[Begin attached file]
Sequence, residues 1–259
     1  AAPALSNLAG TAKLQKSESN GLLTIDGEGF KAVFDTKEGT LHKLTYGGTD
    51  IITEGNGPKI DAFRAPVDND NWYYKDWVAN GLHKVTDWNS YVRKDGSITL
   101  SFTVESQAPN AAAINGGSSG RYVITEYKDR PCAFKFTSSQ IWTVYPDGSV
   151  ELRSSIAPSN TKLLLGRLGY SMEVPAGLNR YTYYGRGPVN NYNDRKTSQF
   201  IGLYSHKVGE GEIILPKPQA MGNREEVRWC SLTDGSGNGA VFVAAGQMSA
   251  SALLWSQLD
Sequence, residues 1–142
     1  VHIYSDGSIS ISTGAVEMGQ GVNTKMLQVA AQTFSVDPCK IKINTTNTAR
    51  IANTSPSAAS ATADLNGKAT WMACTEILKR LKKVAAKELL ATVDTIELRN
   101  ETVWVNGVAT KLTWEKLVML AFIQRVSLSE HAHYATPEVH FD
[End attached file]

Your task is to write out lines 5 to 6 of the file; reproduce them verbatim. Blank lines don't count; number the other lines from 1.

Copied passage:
   151  ELRSSIAPSN TKLLLGRLGY SMEVPAGLNR YTYYGRGPVN NYNDRKTSQF
   201  IGLYSHKVGE GEIILPKPQA MGNREEVRWC SLTDGSGNGA VFVAAGQMSA